A question concerning character arrays

This is a discussion on A question concerning character arrays within the C Programming forums, part of the General Programming Boards category; OK, I know it works, I jst want to know why. OK, here is the deal, for examlpe I have ...

  1. #1
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    Mar 2005
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    A question concerning character arrays

    OK, I know it works, I jst want to know why.

    OK, here is the deal, for examlpe I have a function:

    Code:
     void function(char s[]);
    and I want it to take the character array as input and manipulate it and then exit.

    here is an example invocation. why i am trying to accomplish is to take the array string and change its value from test to temp.

    Code:
      main(){
     
      char string[MAX];
    
      string="test";
      function(string);
    
      printf("%s",string);
    
    }

    ok the function written like this gets the desired resuts, the vaiable s is set to "temp" in the function and retains this value when the function exits and string is back in the main program.

    Code:
    void function(char s[]){
       sscanf("temp","%s",s);
    }
    now my question is why when written this way, it does not get the desired result.

    Code:
    void function(char s[]){
       char t[MAX];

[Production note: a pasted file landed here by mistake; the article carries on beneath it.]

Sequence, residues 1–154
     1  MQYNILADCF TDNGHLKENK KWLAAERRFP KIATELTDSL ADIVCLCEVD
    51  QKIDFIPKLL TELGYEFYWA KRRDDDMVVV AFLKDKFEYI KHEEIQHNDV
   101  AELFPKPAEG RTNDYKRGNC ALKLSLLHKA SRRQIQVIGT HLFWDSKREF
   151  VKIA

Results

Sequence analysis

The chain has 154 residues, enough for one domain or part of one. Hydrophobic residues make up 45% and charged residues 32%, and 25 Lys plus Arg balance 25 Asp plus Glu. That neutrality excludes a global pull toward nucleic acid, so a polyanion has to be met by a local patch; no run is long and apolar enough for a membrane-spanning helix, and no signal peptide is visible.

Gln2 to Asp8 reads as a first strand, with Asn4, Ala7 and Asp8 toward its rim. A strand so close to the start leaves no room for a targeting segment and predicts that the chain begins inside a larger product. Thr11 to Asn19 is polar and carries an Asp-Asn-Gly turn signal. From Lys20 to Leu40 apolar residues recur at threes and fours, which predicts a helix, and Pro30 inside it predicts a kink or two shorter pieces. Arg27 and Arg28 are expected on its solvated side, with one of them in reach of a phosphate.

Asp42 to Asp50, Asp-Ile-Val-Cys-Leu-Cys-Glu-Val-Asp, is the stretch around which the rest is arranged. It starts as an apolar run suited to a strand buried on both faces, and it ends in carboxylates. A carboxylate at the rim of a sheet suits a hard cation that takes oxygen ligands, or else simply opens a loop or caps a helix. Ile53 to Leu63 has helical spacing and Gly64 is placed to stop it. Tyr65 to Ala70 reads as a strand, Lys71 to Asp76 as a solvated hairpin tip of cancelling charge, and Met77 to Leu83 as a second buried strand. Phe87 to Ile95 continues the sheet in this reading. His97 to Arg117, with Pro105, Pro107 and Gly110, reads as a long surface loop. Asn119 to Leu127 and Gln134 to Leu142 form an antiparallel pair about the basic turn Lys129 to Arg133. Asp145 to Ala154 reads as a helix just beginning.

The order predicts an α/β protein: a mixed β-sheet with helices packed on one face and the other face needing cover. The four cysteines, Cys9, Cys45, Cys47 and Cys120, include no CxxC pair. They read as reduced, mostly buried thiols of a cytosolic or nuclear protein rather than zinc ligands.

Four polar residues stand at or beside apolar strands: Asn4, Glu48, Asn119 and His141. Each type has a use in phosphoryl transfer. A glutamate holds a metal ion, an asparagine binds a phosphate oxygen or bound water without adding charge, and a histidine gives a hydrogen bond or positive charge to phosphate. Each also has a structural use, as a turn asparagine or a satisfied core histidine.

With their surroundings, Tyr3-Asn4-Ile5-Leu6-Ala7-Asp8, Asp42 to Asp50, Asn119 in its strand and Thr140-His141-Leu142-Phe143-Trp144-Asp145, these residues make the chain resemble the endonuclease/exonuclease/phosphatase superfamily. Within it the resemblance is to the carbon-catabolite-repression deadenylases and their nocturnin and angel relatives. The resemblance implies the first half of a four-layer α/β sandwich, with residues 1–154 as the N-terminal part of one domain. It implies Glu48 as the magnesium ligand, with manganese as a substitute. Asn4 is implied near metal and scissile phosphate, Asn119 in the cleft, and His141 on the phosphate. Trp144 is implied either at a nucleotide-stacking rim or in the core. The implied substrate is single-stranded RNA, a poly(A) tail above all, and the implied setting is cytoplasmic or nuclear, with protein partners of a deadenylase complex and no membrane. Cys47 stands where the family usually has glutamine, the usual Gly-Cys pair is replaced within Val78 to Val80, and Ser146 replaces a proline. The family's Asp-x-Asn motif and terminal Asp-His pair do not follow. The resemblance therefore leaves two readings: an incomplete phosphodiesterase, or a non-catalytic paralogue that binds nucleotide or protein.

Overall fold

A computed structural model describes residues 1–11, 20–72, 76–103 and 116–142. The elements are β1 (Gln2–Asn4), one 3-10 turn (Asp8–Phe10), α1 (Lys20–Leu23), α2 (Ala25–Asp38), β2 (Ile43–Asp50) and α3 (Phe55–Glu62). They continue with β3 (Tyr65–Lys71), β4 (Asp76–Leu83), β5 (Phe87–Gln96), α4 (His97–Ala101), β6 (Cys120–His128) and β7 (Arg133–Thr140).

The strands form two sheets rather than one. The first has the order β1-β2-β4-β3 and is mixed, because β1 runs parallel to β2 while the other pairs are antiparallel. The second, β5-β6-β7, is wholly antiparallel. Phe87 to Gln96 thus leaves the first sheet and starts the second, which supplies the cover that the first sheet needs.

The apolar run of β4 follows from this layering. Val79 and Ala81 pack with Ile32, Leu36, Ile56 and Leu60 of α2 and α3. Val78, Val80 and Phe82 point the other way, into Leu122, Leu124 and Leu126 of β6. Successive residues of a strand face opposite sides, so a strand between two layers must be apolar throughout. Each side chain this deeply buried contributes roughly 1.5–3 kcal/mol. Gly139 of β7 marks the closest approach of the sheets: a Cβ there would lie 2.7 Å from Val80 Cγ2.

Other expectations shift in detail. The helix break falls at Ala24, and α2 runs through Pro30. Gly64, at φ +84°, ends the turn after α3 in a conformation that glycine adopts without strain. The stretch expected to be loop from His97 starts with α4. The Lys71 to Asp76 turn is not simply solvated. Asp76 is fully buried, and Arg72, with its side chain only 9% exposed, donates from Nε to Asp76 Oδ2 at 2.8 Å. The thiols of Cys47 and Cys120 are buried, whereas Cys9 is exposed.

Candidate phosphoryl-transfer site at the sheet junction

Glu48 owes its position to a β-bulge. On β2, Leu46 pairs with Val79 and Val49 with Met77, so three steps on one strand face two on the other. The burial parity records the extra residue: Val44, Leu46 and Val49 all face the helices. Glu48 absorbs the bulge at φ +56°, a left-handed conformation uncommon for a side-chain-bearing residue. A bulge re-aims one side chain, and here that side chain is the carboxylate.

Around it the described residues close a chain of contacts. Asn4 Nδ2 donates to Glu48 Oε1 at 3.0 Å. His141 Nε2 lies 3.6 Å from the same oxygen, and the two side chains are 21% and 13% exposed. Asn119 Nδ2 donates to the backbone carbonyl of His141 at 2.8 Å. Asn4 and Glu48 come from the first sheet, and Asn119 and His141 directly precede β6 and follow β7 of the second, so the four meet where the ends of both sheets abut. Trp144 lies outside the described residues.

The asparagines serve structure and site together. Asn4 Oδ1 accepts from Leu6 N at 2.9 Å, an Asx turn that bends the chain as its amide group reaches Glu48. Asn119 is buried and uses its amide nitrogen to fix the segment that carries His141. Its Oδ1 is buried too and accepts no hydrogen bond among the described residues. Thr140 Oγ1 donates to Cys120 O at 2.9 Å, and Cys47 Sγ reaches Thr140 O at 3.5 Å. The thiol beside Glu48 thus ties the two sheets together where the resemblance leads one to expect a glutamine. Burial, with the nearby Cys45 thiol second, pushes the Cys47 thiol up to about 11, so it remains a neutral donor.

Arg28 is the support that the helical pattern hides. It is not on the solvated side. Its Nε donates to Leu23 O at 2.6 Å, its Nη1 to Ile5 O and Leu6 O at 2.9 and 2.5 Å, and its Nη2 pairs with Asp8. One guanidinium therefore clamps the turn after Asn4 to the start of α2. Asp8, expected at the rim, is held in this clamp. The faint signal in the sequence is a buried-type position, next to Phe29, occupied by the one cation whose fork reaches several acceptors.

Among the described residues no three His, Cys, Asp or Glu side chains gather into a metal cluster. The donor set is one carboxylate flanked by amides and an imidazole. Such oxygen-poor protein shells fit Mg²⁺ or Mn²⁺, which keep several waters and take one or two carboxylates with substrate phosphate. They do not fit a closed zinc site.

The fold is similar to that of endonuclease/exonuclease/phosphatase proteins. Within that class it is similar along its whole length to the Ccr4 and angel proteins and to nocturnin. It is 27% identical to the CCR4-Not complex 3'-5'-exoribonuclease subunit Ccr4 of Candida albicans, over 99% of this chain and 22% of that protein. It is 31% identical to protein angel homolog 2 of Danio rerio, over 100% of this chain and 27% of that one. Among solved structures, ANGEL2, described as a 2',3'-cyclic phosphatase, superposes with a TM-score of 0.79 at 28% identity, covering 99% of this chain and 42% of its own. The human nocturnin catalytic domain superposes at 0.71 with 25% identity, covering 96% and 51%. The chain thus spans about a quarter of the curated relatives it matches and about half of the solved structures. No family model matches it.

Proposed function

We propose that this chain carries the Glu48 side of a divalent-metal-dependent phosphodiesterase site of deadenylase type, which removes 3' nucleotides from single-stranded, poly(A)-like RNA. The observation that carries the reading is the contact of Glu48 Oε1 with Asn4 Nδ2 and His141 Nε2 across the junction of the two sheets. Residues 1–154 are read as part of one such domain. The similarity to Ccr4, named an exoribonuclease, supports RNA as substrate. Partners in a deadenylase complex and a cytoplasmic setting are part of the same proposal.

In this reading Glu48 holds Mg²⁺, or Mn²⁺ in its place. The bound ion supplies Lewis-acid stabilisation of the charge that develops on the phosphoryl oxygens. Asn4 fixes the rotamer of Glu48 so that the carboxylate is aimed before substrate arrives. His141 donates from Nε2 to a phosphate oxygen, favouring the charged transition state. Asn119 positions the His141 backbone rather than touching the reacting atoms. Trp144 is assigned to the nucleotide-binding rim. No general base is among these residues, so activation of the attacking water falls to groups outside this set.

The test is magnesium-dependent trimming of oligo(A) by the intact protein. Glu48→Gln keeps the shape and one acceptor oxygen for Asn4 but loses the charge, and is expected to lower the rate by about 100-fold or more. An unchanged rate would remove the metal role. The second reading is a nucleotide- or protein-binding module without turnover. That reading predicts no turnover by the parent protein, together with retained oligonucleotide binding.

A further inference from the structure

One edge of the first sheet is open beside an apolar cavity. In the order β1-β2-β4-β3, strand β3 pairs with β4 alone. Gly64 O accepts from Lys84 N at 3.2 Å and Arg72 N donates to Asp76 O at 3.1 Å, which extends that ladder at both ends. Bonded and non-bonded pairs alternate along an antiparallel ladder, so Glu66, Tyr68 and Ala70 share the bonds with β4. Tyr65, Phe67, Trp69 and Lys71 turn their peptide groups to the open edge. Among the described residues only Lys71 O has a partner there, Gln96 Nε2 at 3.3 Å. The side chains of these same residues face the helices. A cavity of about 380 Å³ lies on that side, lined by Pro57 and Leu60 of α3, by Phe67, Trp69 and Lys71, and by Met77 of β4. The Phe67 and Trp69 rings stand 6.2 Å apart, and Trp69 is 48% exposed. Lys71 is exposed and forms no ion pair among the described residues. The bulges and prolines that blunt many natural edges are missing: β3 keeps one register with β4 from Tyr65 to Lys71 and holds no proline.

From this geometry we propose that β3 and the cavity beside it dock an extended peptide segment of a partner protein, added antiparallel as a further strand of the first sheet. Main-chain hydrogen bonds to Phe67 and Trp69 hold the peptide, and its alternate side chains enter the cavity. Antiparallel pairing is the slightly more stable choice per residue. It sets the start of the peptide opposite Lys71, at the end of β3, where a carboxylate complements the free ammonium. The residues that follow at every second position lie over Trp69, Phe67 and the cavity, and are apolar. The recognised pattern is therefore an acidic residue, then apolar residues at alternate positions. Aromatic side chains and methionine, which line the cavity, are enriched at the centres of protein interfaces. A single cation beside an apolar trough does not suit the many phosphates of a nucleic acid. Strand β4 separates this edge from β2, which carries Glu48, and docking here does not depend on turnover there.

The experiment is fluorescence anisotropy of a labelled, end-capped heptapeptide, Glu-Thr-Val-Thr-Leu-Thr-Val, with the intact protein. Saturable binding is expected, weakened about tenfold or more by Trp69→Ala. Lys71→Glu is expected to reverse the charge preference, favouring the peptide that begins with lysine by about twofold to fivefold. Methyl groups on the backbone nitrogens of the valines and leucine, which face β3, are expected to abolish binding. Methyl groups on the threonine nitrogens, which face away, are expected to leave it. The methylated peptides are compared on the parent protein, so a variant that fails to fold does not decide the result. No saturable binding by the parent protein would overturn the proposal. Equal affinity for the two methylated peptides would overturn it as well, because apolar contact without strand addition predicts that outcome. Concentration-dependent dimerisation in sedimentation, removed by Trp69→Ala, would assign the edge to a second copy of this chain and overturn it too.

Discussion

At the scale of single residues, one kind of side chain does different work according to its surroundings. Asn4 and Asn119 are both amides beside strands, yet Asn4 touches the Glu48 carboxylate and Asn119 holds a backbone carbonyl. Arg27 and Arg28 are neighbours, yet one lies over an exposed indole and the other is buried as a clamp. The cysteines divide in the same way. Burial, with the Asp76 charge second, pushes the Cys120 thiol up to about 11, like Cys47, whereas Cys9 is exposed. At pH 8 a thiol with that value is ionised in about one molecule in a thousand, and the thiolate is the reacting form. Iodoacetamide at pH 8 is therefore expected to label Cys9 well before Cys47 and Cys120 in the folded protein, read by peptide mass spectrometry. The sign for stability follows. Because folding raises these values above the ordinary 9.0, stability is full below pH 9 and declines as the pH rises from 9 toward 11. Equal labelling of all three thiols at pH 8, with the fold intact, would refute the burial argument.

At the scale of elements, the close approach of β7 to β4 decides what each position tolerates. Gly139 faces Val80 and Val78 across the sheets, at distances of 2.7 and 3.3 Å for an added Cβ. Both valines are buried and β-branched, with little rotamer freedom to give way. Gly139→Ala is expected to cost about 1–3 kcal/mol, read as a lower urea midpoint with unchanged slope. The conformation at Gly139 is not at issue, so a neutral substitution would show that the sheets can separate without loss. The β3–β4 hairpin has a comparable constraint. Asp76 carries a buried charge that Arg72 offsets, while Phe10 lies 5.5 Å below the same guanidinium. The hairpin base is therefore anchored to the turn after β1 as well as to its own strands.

sscanf("temp","%s",t);
       s=t;
    }
    within the scope of the function s and t are correct, however when the function exists, back in main, string does not retain the value.

    I have a feeling this has something to do with pointers and referencing of the arrays, I'm just not sure what. Any additional reference material for this as well.

    Thanks!

    --ellipses--

  2. #2
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    > s=t;
    Make that:
    strcpy( s, t );

    strcpy() is located in <string.h>

  3. #3
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    OK, Cool; that works too, but I am still wodering why the other function doesn;t work. Is it becuase the array that is declard within the function is destroyed after the function exits?

    for example this code works as well.

    Code:
    void equal(char s1[],char s2[]);
    
    main(){
    char string1[MAX];
    char string2[MAX];
    
    sscanf("foo","%s",string1);
    sscanf("bar","%s",string2);
    
    /* lets make string2 equal to string1 */
    equal(string1,string2);
    
    }
    
    void equal(char s1[],char s2[]){
        int i;
      for(i=0;st1[i] != '\0';i++){
       st2[i]=st1[i];
      }
      st2[i]='\0';
    }
    but yet if it used a variable within the scopr of the function only to temportily hold a value, it woudln't work.

  4. #4
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    >Is it becuase the array that is declard within the function is destroyed after the function exits?
    That's one reason. But in addition to that, there's another reason.
    Code:
    s=t;
    doesn't copy t into s. All it does it assign the address of t to s. Since s is a copy pointing to string's address in main(), when the function ends, string points to it's original address. You can change the string's data (strcpy for example, or your equal() function by doing it one char at a time).

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